The ongoing social unrest in Iran sparked by the death of Mahsa Amini, a young Kurdish woman murdered by the Islamic Republic’s “morality police,” shows no sign of abetting. Naturally, legions of Iran watchers have offered speculation on the endgame of the upheaval. Scenarios have ranged from the emergence of democracy to the upholding of the status quo or an emboldened theocracy turning into a totalitarian state run by the Islamic Revolutionary Guard Corps (IRGC). Revolutions are inherently difficult to predict, but some observations on the progress of the struggle can be offered.
First, with the exception of the 2009 uprising over the stolen election, the current turmoil is uniquely broad-based, with protests supported across all ethnic groups and provinces. This so-called “global Iran,” a collective of people with diverse ethnic identities separated by geography, is “very much together in feelings, in concerns, and in dreams,” as scholar Asef Bayat wrote.
Second, the unrest is powered by strong economic undercurrents, creating a virtual Bermuda Triangle for the embattled regime. After years of crippling sanctions, extravagant spending on its proxies in the “Axis of Resistance,” and monumental corruption and mismanagement, the economy is in shambles. Amid the protests, the rial has dropped to a record low and food prices have jumped by more than 82 percent.
Workers across key industries—including oil and gas, steel, and food production—went on strike. Pensioners have protested because their payments cannot keep up with rampant inflation and the massive increase in the price of food. Recent embezzlement scandals in some pension funds added to the disarray and brought more protesters to the streets.
Third, should the nascent strike movement grow, it would likely tip the scales against the regime. To recall, in 1978, a general strike—which also included the powerful bazaaris, the merchants who operate stores in the bazaars—limited the shah’s options. Several observers have suggested that a general strike is not in the cards because the workers do not exhibit the type of unity that prevailed in 1978. This conclusion may be premature, however, as the Free Union of Iranian Workers (FUIW) is fast becoming a major force in the unrest. The FUIW is part of the Front-Line Defenders, an international organization that combines advocacy for civil rights with the protection of labor. The FUIW’s impact is already considerable. The Council for Organizing Protests of Oil Contract Workers threatened to strike. The bazaaris, once a reliable constituency for the clergy, stated that they would padlock their businesses because of the shrinking value of the rial.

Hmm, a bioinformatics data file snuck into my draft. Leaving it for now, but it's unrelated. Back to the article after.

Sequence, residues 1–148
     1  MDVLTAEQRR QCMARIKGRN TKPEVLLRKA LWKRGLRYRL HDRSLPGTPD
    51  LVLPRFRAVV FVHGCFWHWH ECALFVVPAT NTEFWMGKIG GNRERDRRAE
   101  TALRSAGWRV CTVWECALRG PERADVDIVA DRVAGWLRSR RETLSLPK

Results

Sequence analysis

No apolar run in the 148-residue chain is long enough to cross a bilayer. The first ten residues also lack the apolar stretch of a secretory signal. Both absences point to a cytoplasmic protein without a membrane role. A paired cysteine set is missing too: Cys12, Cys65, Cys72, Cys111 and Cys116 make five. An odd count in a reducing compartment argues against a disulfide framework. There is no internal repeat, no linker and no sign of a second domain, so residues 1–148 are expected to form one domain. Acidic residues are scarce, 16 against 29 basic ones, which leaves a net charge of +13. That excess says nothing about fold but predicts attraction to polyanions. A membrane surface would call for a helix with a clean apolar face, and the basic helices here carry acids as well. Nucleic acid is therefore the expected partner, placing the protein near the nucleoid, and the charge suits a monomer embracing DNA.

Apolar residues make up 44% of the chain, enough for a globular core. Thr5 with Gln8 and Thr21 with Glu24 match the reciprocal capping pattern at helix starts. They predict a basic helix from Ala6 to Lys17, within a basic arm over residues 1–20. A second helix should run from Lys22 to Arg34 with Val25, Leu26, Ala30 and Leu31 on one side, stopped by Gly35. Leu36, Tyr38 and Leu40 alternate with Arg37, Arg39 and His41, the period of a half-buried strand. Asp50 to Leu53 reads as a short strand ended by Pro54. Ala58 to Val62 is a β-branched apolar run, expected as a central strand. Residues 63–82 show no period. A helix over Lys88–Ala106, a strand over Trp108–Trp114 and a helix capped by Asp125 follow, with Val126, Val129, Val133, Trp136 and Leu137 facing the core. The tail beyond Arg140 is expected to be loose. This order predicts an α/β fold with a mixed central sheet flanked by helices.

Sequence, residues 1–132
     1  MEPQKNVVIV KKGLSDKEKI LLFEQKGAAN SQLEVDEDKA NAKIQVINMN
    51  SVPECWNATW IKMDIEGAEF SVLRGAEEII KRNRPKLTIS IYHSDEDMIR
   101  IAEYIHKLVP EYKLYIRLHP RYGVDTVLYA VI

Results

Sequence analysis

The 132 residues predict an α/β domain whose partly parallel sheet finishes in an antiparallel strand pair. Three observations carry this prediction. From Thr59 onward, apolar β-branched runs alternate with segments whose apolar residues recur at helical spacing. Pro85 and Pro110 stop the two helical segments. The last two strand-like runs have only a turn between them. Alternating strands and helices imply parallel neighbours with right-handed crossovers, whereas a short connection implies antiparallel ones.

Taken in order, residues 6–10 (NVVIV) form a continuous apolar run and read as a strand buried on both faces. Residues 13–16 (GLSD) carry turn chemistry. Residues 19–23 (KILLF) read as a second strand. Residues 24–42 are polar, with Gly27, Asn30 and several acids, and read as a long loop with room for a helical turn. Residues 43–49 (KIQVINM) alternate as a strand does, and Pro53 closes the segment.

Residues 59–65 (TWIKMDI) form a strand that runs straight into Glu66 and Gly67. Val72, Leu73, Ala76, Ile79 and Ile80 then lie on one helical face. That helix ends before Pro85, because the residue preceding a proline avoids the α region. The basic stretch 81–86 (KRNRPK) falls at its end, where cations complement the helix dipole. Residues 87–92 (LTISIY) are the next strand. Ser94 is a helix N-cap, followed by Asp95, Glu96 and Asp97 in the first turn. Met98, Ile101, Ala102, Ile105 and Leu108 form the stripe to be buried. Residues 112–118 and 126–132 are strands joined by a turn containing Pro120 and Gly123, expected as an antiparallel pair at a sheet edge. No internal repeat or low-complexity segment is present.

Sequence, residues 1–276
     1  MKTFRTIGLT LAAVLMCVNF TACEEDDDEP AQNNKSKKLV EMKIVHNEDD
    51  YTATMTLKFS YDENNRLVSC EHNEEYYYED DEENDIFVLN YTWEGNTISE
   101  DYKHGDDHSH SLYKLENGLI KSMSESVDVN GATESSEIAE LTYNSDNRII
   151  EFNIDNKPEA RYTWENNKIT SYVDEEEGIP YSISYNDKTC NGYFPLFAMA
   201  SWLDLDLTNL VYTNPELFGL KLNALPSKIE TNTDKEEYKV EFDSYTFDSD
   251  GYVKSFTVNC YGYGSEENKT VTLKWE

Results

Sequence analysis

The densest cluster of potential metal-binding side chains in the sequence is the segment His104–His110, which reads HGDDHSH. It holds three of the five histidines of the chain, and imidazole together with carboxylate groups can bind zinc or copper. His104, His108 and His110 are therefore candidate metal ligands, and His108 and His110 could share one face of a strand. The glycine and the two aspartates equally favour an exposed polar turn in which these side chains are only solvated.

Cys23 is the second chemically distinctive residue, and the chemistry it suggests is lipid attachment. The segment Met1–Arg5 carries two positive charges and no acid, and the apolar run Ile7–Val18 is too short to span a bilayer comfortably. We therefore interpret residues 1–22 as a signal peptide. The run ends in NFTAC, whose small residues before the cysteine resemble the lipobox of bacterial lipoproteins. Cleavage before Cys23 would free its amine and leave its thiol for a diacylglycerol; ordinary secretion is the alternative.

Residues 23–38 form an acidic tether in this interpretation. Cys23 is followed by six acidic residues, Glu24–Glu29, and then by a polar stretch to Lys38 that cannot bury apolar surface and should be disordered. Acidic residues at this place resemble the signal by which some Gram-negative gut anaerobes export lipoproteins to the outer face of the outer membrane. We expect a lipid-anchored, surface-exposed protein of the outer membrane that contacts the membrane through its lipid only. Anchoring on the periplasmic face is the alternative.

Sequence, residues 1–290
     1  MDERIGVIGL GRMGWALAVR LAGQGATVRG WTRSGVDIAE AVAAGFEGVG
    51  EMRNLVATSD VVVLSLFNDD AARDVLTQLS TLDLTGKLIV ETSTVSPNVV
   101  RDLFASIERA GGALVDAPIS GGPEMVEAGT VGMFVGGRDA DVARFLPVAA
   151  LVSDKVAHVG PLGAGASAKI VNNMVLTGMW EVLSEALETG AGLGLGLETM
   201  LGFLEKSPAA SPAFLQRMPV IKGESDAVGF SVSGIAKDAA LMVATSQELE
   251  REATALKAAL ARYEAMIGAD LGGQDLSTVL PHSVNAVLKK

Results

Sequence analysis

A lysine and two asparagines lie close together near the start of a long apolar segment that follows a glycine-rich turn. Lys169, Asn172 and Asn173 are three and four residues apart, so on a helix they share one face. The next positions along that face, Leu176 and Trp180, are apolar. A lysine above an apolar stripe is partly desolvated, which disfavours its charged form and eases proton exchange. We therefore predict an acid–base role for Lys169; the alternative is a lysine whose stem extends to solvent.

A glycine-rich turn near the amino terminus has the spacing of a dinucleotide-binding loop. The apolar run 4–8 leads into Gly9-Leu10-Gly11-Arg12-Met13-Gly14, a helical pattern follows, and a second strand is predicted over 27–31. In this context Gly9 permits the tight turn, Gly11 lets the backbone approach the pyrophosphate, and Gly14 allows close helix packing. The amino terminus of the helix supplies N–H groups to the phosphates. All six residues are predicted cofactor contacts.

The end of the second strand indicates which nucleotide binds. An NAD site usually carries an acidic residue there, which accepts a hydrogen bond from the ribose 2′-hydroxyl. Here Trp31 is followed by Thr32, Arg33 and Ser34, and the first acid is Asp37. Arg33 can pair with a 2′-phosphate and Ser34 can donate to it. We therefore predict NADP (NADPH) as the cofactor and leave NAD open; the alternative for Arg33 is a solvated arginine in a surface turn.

Of course, the regime is not without powerful tools to subdue the revolutionary forces. As in the past, the application of brute force is the first line of defense. As part of the Ministry of Interior, the Law Enforcement Forces (LEF) has designed special units for crowd control and suppression, known as the Iranian Police Special Units (IPSU). The Special Units, which are present in every province and larger towns, use live ammunition to subdue protesters. The current head of the Special Units, Brig. Gen. Hassan Karami, was sanctioned by the European Union for his role in the violent suppression of previous protests. The brutal Basij, a division within the IRGC, has also been involved in suppressing the demonstrations. Shia proxies such as Hezbollah and the Iraqi Popular Mobilization Forces have also been deployed.
Moreover, the authorities have a wide array of intelligence and monitoring systems at their disposal. The Ministry of Intelligence and Security, the IRGC’s dreaded Intelligence Unit, and LEF’s Cyber Unit have combined their forces to track, trap, and arrest protesters and their leaders. Not incidentally, Iran has been buying public surveillance systems from China for years. So far, Chinese platforms, including 19 million cameras, have been installed in twenty-eight Iranian provinces, with a special emphasis on urban settings. The arch-conservative judiciary system has also stepped up to the plate, recently announcing that more than 1,000 protesters would go on trial in what may be a repeat of the show trials of the early revolutionary days.
In the past, the regime has tried to mix brutal force with material concessions. For instance, during the 2018 gasoline riots, which were prompted by a decision to increase gas prices, the government allowed some sixty liters of subsidized fuel for a broad category of drivers. In 2019, when protests erupted over high food prices, the government subsidized free food rations.
The situation today is very different. On the one hand, the regime cannot compromise on the protesters' core demand: making the hijab voluntary rather than mandatory. As the head of the Supreme Council of the Cultural Revolution, President Ebrahim Raisi obliged the council to enforce the hijab and chastity law with full force. The supreme leader is equally adamant about upholding the hijab as a pillar of the faith, and so is the all-important judiciary. On the other hand, the government cannot improve the economic situation without reaching a new oil deal, an unlikely event given Tehran’s determination to proceed with its nuclear project. The regime is also unlikely to reduce its support for its Axis of Resistance proxies, another sore spot for protesters, who chant, “Neither Gaza, Nor Lebanon, I sacrifice my life for Iran.”
Without compromise, the theocracy will have to rely on increased violence and brutality. Even if the mullahs and their IRGC enforcers can prevail at the moment, history teaches that this force alone cannot guarantee survival, let alone legitimacy.
Farhad Rezaei is a senior research fellow at The Philos Project.
Siavash Gholami is a master’s student in political science at the University of Toronto.